Roger Stone and his wife Nydia Stone are being sued by the U.S. government for nearly $2 million dollars in federal taxes, interest, and penalties.
The liabilities include nearly $1.6 million arising from joint tax returns filed by the pair for tax years 2007 to 2011, plus more than $400,000 that Roger Stone owes individually from 2018, the government said. The complaint was filed Friday at the U.S. District Court for the Southern District of Florida.
Roger Stone was indicted in January of 2019 on charges of obstruction, making false statements, and witness tampering connected to Robert Mueller’s investigation into Russian interference in the 2016 U.S. presidential election.
Following that indictment, the Stones created a trust and used funds through a company they controlled—Drake Ventures LLC—to buy their Florida residence in the name of the trust, according to the complaint. They then stopped making scheduled monthly installment payments of around $20,000 to the IRS, leading the IRS to terminate an installment agreement it had with them, the government said.
“Although they used funds held in Drake Ventures accounts to pay some of their taxes, the Stones’ use of Drake Ventures to hold their funds allowed them to shield their personal income from enforced collection and fund a lavish lifestyle despite owing nearly $2 million in unpaid taxes, interest and penalties,” according to the complaint.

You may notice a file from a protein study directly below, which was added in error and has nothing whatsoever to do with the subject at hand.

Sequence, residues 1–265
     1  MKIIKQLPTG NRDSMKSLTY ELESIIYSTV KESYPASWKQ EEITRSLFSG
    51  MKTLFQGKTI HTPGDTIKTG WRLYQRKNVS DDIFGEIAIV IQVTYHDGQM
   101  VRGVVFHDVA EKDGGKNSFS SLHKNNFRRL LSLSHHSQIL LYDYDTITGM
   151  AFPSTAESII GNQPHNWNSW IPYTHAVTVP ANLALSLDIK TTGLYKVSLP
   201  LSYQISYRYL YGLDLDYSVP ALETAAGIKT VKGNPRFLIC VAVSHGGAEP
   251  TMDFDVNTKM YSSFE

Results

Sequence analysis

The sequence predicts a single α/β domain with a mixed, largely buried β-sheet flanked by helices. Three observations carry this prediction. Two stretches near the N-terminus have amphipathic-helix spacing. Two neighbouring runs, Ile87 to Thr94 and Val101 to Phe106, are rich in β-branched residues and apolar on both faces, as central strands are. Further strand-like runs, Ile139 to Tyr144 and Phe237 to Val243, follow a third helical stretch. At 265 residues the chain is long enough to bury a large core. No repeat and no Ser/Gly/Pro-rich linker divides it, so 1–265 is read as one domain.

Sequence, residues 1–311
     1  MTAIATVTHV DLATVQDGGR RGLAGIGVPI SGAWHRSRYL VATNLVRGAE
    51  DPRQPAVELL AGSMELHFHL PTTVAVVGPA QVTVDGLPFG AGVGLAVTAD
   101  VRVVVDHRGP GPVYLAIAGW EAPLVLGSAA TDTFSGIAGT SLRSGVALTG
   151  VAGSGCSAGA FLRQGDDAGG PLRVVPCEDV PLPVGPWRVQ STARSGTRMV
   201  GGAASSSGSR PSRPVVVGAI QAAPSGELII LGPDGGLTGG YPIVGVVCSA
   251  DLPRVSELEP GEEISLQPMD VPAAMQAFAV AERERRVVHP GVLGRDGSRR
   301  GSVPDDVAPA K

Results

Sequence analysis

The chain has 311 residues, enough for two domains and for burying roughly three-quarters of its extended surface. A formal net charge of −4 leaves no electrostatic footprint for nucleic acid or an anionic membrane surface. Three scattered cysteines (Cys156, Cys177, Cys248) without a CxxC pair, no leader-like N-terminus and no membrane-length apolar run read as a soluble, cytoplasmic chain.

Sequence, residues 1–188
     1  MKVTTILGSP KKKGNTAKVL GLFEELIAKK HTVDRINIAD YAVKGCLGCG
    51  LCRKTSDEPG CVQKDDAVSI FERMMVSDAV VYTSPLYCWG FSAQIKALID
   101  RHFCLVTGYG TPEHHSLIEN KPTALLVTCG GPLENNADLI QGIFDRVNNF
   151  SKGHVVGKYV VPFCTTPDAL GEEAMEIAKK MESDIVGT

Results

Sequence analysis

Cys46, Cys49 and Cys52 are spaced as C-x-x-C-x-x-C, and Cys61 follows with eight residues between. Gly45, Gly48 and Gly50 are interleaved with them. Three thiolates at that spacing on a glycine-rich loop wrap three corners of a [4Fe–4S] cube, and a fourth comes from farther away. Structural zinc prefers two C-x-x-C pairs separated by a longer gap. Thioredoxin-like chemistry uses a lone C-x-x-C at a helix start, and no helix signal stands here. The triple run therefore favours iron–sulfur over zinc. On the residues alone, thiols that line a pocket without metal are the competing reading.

The Stones put more than $1 million in accounts at Drake Ventures in 2018 and 2019 by transferring funds or having checks for Roger Stone deposited there, thereby evading IRS efforts to collect on the liabilities, the government said. They paid more than $500,000 on their personal tax liabilities from the company’s accounts during those years while also using the funds on groceries, salons, and clothes, the government added.
The government asked the federal court to enter judgments against the Stones for the amounts each of them purportedly owes and declare that the residence belongs to the Stones. It also wants the court to declare that tax liens arising from the couple’s liability are enforceable against the residence as well as other property held by the Stones, Drake Ventures, and the trust.
Former President Donald Trump commuted Stone’s prison sentence connected to the criminal charges and later granted Stone a pardon. The presidential pardon power doesn’t extend to civil actions such as the Friday complaint over tax liability.
The Stones live in Florida, where there are no state income taxes.
Contact information for the Stones wasn’t immediately available.
The case is United States v. Stone, S.D. Fla., No. 0:21-cv-60825, complaint 4/16/21.